Most of the “shenanigans” people associate with Pentecostal revivalism were the “doing” of these independent Pentecostal evangelists. When I wrote my article “The Dark Side of Pentecostalism” for Christian Century (2006) I was talking mostly about these independent Pentecostal evangelists and revivalists. However, I observed (growing up and as a young adult still attached loosely to Pentecostalism) that many, many classical “church Pentecostal” leaders were afraid to confront these independent Pentecostal evangelists because they had such appeal to many Pentecostals among the grassroots and in the pews.
Most of these independent Pentecostal evangelists had little or no education beyond eighth grade or high school. A few attended some Bible institute or “earned a degree” from a religious degree mill by correspondence. They existed almost exclusively outside “church Pentecostalism” although there was often also overlap. Many church Pentecostal pastors would invite one of the independent revivalists to town and support his (or her) revival because people in the congregation insisted on it. Others hoped the revivalist would help build the congregation and then leave. They were often disappointed.
Some of these 1950s Pentecostal evangelists garnered massive followings across the country. They “kept in touch” with their followers by mail—sending out “healing prayer cloths” anointed with healing oil, etc., etc. Of course they expected a monthly donation in return. Some of them became fabulously wealthy.
For the most part the executives of church Pentecostal denominations looked down on these independent Pentecostal evangelists because they were responsible for divisions in many churches. The so-called Latter Rain Movement that hit Pentecostalism hard in the 1940s and 1950s created divisions among Pentecostals across Canada and the U.S. Church Pentecostal leaders warned their followers against “wild fire”—extreme emotionalism. The independent evangelists and their followers responded with “Better wild fire than no fire at all.”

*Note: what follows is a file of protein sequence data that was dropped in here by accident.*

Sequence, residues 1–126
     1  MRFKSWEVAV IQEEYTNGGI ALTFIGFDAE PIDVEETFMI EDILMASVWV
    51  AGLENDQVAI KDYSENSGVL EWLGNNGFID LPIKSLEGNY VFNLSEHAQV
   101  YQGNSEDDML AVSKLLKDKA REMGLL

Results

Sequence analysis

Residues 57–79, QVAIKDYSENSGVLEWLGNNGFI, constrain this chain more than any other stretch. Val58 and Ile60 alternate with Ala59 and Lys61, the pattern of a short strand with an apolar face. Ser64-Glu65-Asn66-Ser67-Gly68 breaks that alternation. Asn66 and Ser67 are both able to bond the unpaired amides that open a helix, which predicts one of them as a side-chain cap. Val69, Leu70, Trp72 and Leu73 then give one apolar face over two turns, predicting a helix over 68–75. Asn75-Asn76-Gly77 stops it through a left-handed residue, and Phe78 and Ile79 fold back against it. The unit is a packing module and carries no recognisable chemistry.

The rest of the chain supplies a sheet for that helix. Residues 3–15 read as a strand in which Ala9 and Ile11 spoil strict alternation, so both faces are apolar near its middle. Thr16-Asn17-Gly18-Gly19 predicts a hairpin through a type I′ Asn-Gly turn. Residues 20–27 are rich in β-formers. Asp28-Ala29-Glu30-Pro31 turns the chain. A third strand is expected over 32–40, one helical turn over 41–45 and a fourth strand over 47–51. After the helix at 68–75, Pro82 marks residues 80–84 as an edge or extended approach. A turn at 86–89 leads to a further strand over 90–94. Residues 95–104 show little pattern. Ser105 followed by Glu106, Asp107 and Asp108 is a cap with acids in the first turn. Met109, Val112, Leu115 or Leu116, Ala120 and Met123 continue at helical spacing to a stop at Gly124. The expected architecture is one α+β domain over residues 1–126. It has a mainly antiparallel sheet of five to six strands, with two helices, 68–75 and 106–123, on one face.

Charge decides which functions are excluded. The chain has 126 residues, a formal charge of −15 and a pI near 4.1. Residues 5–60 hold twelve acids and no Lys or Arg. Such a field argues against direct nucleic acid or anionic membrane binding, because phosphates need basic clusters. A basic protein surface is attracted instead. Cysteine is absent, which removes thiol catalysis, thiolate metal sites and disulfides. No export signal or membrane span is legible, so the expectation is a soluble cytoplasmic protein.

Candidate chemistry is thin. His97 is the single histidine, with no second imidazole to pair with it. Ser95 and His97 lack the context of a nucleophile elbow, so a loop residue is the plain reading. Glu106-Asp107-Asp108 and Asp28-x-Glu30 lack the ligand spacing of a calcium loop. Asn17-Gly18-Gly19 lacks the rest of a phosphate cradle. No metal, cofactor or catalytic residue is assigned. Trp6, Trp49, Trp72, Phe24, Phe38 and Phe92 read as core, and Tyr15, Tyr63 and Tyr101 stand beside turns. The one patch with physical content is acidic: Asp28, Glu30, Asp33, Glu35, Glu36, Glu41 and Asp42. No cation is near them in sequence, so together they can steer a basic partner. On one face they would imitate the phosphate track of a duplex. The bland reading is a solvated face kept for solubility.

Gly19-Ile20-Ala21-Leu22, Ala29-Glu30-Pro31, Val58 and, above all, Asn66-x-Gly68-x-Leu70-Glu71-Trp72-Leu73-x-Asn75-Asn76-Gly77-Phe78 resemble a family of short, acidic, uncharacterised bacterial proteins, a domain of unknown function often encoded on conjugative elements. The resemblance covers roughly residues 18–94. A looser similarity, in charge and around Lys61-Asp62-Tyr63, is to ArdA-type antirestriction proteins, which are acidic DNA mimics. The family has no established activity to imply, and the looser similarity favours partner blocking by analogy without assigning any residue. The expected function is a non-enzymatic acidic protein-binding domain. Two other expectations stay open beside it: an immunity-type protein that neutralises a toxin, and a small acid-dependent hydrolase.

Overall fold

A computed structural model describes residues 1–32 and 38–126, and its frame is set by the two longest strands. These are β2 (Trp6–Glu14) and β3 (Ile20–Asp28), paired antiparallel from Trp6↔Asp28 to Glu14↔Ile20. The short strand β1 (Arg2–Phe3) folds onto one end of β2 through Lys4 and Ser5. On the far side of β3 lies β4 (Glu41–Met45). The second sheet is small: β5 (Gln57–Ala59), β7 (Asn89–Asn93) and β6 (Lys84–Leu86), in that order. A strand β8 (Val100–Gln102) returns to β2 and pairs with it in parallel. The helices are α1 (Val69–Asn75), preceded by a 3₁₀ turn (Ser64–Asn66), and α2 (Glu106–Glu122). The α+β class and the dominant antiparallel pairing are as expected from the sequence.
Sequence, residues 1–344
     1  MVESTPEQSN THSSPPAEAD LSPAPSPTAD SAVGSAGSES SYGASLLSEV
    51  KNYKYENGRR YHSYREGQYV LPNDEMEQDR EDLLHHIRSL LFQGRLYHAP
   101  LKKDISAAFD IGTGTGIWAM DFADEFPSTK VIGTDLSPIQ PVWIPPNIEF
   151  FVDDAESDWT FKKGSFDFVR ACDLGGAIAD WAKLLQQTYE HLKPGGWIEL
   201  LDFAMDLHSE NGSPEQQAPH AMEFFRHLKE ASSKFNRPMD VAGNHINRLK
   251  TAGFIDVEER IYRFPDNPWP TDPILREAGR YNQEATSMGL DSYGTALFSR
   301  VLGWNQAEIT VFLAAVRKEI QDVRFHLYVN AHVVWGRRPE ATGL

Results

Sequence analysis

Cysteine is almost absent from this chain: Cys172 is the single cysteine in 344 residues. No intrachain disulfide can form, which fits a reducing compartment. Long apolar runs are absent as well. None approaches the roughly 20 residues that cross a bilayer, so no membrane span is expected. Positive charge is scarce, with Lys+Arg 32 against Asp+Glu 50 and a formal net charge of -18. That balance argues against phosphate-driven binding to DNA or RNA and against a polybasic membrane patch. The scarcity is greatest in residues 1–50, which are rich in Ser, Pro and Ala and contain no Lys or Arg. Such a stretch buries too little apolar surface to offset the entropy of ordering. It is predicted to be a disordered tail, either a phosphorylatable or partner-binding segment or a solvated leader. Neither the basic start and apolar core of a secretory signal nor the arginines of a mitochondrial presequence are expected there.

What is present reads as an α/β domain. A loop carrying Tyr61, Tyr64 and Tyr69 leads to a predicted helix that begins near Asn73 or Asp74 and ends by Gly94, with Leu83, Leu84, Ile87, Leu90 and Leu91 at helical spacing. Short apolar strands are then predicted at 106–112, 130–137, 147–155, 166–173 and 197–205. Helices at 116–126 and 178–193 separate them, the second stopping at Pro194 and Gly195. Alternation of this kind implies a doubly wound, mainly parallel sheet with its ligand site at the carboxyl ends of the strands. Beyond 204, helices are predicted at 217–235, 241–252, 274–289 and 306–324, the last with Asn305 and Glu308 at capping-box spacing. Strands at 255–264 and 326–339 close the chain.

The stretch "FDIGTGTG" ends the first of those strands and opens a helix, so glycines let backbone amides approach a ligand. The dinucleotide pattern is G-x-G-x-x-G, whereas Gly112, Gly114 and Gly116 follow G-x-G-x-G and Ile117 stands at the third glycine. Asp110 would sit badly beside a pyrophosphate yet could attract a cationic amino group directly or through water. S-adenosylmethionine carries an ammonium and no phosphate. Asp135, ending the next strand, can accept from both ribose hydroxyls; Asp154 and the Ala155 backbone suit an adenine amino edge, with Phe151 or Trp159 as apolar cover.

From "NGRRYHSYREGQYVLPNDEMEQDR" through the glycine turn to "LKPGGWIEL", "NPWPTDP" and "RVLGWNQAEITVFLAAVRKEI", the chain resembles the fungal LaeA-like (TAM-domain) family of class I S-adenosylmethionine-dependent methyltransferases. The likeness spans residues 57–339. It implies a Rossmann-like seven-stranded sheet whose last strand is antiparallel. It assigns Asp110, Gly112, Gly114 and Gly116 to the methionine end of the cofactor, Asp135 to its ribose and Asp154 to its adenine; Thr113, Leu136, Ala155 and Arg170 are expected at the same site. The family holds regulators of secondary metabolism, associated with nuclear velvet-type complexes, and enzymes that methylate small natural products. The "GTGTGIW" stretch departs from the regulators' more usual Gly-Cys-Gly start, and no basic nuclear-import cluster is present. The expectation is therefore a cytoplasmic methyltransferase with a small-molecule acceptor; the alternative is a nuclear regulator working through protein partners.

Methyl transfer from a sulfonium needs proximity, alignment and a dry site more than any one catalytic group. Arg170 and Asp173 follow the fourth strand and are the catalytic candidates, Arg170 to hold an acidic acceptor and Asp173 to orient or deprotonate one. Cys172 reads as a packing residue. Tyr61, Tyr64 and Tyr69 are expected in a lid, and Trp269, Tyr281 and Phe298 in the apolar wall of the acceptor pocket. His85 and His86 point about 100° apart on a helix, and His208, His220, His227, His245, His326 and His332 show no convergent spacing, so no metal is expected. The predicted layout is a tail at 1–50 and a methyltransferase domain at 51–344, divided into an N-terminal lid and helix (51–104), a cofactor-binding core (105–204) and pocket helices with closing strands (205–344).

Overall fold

Now I am not suggesting that all of the independent Pentecostal evangelists were charlatans. Many weren’t. But they all tended to promote a kind of non-church Christianity in which their followers drove hundreds of miles to their “meetings” and were only loosely associated with a local congregation if at all. Eventually when many of these evangelists took to the airwaves over radio and television, many Pentecostals stayed home when they couldn’t attend their favorite evangelist’s meeting (because it was too far away) and listened to and/or watched him (or her).
If you want names, I suggest you read Harrell’s book mentioned above. Again, not all of them described in the book were guilty of the worst excesses. But the movement as a whole tended to promote a non-church religious phenomenon in which the spiritual leaders were not accountable to anyone. “Touch not God’s anointed” was as favorite Bible verse used when anyone dared to criticize any independent evangelist.
As a child and young person I observed a very strange phenomenon. Occasionally, perhaps more than occasionally, church Pentecostal leaders and pastors would invite one of these independent “apostles” to their church convention or to their annual protracted revival series or to their Bible institute—to speak and, frankly, put on their show. In private these church Pentecostal leaders and pastors would admit that they had deep qualms about these men (and some women), but they were also fascinated by their appeal and probably hoped to reap some kind of benefit from being associated with them however briefly.
And, yes, many of these independent Pentecostal evangelists did consider themselves “apostles” and they meant in the same sense as the disciples and others apostles of the New Testament churches. They would often “anoint” other people (their followers) to become sub-apostles under them and lay hands on Bible college students (and others) to “impart the gifts of the Holy Spirit” to them. (I was there! I didn’t let him lay hands on me and that was a major stage in my departure from Pentecostalism even though the leaders acknowledged that he was probably an extremist.)
So, all that is to say, I just don’t see what’s new in the so-called INC phenomenon except the use of new technologies. But so what? Almost all the independent Pentecostal evangelists I’m talking about here (1940s through 1960s—at least) used whatever was the latest and greatest technologies to promote their message (and themselves).
The older I get and the more I read and observe, the more I think there is really nothing new under the sun!